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Friday, August 12, 2011

Bear Reserve - Innis Arden Board Taking Aim at 46 Trees in Critical Area

Hearing is scheduled for Thurs, Aug 25th with Shoreline Hearing Examiner. 

The Friends of Bear Reserve are advocating to save the trees that are threatened.
Bear Reserve has many huge trees
that are 50-75 years old

What does the future hold for Innis Arden’s Bear Reserve
The Innis Arden Club has requested to removal of 46 mature trees in the Bear Reserve for the benefit of five home owners.  The City of Shoreline had “mitigated” the removal, limiting it to sixteen trees due the steep slope in the reserve.  The Innis Arden Club has appealed the mitigation to the Hearing Examiner. 

The Hearing to determine the fate of Bear Reserve is scheduled for Thursday and Friday, August 25th and 26th at Shoreline City Hall.  If the Innis Arden Club prevails then not only will Bear Reserve lose 46 mature trees, but home owners below the Reserve will also lose trees based on the Innis Arden covenant. 

It is estimated that in addition to the 46 trees the Club has proposed removing there are another 39 “significant” sized privately owned trees in Innis Arden, plus 5 in Grouse Reserve that will likely be removed. 

The City of Shoreline defines a tree as “significant” when a conifer is 8 inches in diameter at breast height (dbh) or 4’2.”  Deciduous and broad leaf evergreens like our native madronas are considered significant when they reach 12” dbh.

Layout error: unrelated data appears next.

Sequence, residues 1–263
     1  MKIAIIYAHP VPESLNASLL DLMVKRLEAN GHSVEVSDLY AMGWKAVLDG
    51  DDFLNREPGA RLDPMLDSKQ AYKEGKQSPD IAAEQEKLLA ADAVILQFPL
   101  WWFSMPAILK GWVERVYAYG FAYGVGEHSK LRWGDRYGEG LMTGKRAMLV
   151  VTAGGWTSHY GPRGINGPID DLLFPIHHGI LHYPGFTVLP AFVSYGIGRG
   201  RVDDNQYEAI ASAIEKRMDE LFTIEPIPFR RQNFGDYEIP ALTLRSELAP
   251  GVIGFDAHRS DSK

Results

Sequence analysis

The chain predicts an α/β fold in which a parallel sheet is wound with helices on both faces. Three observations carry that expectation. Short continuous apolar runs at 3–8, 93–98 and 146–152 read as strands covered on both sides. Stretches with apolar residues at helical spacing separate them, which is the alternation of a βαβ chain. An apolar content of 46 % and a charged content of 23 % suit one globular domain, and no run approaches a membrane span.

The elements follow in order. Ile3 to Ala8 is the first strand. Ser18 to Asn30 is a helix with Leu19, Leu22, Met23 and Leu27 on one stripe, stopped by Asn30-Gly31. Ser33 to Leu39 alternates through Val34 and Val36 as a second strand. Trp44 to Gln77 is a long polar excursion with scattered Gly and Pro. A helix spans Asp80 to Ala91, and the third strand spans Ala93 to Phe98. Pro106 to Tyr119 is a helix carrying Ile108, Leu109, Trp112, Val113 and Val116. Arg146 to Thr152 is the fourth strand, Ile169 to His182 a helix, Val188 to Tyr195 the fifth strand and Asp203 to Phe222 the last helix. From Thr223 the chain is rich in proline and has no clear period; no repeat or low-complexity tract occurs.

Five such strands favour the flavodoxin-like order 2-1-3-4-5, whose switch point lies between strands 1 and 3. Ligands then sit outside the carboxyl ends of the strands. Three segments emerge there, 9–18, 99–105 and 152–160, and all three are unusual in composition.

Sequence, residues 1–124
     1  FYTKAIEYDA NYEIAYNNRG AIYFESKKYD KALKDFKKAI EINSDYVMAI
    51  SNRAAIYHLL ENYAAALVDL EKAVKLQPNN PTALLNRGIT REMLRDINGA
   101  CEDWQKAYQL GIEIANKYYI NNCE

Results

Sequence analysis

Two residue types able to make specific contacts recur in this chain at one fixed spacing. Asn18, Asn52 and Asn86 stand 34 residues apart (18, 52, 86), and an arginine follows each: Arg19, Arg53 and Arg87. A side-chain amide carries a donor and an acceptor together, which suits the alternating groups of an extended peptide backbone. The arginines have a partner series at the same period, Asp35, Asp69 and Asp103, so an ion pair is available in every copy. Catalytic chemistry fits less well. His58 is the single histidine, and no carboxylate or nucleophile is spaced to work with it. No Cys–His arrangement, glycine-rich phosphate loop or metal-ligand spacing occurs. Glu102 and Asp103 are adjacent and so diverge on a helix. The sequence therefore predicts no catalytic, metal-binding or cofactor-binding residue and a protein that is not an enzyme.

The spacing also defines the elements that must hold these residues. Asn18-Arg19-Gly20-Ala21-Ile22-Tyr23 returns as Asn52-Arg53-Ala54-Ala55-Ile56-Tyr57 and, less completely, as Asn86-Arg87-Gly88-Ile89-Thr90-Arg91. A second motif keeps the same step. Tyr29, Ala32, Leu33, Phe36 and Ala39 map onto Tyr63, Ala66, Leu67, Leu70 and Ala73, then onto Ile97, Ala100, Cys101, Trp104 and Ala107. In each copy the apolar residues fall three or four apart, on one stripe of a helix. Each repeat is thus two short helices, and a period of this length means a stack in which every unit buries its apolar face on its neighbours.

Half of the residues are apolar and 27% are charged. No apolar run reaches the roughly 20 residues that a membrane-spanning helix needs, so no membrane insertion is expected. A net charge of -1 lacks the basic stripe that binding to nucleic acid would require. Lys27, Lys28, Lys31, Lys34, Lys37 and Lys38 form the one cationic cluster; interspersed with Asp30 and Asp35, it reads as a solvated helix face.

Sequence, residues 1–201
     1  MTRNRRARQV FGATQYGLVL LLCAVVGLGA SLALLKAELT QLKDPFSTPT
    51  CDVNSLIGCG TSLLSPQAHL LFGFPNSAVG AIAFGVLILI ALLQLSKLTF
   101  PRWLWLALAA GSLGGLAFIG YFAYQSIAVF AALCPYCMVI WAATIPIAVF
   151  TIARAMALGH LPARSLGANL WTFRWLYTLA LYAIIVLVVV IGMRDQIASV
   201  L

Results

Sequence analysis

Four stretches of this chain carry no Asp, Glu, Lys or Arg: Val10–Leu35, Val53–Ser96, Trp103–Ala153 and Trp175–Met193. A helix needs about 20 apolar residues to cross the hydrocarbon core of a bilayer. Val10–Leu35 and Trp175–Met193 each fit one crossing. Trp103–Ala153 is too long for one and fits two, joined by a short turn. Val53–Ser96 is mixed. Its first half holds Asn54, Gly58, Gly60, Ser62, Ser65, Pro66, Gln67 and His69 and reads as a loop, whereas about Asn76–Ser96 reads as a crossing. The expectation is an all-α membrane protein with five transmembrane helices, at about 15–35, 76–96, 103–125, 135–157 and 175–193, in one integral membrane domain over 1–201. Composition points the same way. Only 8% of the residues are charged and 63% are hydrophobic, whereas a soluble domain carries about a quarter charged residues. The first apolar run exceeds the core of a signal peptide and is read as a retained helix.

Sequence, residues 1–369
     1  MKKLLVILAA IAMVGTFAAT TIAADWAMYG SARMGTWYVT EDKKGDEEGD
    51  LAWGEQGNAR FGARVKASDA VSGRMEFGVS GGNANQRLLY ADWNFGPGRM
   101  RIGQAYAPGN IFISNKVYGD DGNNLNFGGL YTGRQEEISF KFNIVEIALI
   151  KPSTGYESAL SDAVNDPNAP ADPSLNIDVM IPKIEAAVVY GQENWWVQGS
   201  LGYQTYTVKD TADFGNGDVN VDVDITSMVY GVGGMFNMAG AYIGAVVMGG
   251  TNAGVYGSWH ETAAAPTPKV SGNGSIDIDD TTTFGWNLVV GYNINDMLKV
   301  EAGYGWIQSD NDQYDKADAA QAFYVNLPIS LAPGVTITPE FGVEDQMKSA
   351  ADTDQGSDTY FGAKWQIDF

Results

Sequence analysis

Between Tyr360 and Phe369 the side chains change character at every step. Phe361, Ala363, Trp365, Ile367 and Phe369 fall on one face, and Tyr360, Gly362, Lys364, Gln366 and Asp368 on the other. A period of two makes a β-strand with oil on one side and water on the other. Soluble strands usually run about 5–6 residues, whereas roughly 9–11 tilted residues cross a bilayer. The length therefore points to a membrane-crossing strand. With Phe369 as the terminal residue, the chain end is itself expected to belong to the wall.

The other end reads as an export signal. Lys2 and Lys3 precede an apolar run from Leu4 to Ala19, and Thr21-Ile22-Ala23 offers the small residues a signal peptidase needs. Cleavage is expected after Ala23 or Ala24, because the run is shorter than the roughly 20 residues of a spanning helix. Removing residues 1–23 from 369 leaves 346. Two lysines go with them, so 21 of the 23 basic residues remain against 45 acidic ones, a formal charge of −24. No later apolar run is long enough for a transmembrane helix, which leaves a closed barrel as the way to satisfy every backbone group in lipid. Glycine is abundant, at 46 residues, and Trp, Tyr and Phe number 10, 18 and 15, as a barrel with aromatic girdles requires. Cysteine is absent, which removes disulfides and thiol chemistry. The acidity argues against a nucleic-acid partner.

No matter what the Hearing Examiner decides, any part of Bear Reserve that in not protected as “critical area” due to steep slope an/or stream conditions is at risk of losing 6 more significant trees every 36 months on each of the two parcels making up the reserve until the Innis Arden Club is satisfied.

Find out more at:
By Boni Biery 
Bear Reserve Tree - a valuable
natural resource

1 comment:

  1. and why are these trees so important? just as point water pollution in puget sound, the problem with tree preservation is one whereby incidental (i.e., less than 5-6 trees) are cut that depletes the overall vegetative canopy of Shoreline. It would be nice to see efforts directed by the author of this article (and this blog) to this effort, rather than to one neighborhood. They have been alerted in the past to tree-cutting and elected to not participate since it was not the Innis Arden Community Club.